epic (noun)Had the story been conceived at another time, it's quite possible that the Epic of Kratos the Spartan would have been told around campfires and in feast halls whenever men of action required an inspirational story or an ideal warrior with whom to compare themselves.
1. An extended narrative poem in elevated or dignified language, celebrating the feats of a deity or demigod or other legendary or traditional hero.
2. A series of events considered appropriate to an epic.
Born of a warrior race, raised in combat and made a captain of his people's army, Kratos pledged his life to the God of War, Ares, in exchange for victory in battle. Later, after years of service, he was betrayed and tricked into killing his own family. Kratos rebelled, quested for the box of Pandora and finally used its power to kill Ares and replace him on Mount Olympus.
A restless God like Kratos could not just sit on his throne and watch war made in his name and so he would often join battle on the side of his Spartan warriors, bringing sure victory and angering the other Gods.
So he was betrayed again and stripped of his Godhood. In response, Kratos undertook another quest, this time to the Island of Creation in order to confront the Sisters of Fate, alter his own history and take revenge on Zeus, king of the Gods and Kratos' own father.
Now hush, the story teller has regained his breath, quenched his thirst and is standing to recount the final chapter in the Epic of Kratos.
Will this mortal man be capable of taking down the ruling Gods and overthrowing the power of Olympus? Will he finally have his vengeance? Will he manage to redeem himself for the death of his family?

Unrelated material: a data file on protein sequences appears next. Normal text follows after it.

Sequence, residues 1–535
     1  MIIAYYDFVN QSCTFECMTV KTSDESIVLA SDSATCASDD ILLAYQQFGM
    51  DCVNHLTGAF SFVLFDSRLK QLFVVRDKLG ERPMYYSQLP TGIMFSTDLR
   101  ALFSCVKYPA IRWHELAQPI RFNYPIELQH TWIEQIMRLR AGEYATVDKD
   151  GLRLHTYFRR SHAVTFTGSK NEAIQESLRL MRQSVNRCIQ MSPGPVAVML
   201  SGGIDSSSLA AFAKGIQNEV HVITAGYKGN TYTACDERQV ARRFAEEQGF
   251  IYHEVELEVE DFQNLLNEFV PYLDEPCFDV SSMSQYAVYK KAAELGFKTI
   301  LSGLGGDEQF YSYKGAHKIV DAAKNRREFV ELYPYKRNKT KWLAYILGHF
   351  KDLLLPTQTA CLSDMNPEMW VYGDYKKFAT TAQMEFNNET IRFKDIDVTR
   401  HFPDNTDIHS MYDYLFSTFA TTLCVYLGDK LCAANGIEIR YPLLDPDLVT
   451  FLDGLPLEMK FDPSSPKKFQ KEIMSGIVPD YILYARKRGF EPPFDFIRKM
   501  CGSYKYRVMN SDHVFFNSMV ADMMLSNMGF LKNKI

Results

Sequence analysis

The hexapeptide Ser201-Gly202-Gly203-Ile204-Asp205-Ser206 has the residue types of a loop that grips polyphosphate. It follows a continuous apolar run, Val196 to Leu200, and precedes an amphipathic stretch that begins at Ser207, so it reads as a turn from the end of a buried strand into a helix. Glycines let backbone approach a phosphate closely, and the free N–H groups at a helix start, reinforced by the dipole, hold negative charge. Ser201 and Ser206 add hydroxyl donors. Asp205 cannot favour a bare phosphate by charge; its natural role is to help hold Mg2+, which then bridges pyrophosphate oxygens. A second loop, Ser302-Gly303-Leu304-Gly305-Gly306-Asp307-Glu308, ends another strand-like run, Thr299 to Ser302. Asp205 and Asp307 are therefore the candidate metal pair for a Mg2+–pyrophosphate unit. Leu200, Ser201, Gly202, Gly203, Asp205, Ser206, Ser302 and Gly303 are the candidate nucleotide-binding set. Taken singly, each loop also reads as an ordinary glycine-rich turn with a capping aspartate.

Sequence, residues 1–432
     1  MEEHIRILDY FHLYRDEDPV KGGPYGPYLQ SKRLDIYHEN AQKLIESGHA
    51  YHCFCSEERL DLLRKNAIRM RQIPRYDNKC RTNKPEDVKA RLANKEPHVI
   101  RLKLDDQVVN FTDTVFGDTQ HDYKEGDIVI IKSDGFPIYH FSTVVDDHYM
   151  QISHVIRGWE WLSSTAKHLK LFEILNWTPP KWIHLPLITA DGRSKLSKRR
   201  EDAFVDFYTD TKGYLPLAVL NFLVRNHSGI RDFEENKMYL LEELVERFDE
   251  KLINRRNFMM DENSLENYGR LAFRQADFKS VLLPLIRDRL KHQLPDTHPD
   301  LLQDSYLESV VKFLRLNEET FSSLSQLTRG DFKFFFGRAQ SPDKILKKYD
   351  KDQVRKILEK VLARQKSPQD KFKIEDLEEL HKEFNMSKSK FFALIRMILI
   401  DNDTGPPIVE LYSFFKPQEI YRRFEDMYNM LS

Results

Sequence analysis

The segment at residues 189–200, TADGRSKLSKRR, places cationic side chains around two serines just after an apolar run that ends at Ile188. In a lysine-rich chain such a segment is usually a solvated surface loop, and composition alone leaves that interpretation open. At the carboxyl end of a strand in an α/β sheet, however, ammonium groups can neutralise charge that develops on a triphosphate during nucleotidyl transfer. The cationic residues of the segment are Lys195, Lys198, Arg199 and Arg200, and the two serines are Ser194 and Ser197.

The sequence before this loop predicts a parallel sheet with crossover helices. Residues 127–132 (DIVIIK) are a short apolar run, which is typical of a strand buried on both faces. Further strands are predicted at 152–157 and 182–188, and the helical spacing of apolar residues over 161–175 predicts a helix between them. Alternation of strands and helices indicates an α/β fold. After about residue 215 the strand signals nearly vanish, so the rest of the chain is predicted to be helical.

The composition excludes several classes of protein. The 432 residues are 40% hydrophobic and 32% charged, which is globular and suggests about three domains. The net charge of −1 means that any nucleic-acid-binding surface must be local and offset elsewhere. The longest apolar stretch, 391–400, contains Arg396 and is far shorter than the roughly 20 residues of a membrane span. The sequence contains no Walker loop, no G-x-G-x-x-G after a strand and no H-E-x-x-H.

That, my friends, is for you to decide. For the story of Kratos is not an epic poem, but an interactive tale that you yourselves will narrate the end of by playing the game God of War III
on your Playstation 3 consoles.
As in the other games in the series, you control Kratos, wield deadly weapons and collect powerful artifacts on your quest of vengeance.
The game begins as GoWII
ended, with Kratos and the Titans assaulting Mount Olympus as the few remaining Gods that Kratos hasn't killed earlier look on in shock. You must fight off the warriors of Olympus that swarm over the Titan Gaia as she climbs the mountain towards Zeus.
Of course, the Gods aren't going to stand around gawping for very long, they defeated the Titans many years earlier and it's only through Kratos stealing the powers of the Sisters of Fate that the Titans are able to threaten Olympus once more. The Gods enter the battle and you soon find yourself fighting a leviathan summoned by Poseidon, God of the sea.
As is traditional in the series, this early part of the game takes the form of a boss battle that would be considered epic enough to end most games, but here only serves to set the scene for the game to come.